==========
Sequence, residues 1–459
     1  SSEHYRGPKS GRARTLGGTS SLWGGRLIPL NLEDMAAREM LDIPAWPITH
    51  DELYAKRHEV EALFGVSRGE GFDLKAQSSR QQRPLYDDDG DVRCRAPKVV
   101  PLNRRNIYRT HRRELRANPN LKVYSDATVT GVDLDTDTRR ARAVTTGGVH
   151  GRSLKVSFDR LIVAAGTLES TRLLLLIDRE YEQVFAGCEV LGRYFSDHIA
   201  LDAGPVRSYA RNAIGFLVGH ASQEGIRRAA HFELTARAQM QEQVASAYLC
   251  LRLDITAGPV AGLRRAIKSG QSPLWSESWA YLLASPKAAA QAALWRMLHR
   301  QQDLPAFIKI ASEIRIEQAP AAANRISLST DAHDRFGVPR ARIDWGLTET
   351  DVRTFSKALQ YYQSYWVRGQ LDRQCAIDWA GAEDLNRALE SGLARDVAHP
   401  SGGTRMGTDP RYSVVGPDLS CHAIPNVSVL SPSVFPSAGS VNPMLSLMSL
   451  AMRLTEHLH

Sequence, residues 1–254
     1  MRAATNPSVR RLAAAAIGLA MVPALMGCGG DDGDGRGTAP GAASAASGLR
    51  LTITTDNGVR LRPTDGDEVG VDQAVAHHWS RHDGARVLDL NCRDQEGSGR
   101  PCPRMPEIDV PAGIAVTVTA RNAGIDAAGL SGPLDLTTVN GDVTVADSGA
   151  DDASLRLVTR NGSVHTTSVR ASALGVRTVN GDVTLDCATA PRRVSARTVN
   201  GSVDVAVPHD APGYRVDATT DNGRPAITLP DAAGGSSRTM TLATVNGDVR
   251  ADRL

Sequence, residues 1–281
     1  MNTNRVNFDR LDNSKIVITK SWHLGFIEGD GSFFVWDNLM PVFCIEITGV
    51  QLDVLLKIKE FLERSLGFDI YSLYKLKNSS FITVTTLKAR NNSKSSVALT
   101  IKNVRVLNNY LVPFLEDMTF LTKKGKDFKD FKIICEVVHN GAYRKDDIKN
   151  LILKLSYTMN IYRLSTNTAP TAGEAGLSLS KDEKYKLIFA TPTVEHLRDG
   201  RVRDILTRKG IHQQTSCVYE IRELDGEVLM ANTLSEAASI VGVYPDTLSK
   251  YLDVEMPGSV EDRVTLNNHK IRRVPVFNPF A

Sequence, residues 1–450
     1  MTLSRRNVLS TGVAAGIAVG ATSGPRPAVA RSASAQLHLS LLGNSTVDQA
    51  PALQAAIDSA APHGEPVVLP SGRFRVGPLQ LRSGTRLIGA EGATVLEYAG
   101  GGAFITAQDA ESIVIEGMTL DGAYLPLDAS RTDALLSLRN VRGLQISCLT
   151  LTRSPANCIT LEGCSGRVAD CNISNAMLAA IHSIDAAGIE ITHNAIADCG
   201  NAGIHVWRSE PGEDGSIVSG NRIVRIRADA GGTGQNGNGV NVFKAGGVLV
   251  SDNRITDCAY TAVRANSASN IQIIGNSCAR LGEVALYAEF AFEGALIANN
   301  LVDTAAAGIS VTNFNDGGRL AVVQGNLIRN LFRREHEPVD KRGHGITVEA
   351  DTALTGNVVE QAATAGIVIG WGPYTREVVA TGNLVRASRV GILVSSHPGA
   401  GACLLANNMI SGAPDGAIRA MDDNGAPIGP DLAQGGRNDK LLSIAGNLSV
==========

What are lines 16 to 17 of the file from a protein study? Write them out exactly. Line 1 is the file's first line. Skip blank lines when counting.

   151  DDASLRLVTR NGSVHTTSVR ASALGVRTVN GDVTLDCATA PRRVSARTVN
   201  GSVDVAVPHD APGYRVDATT DNGRPAITLP DAAGGSSRTM TLATVNGDVR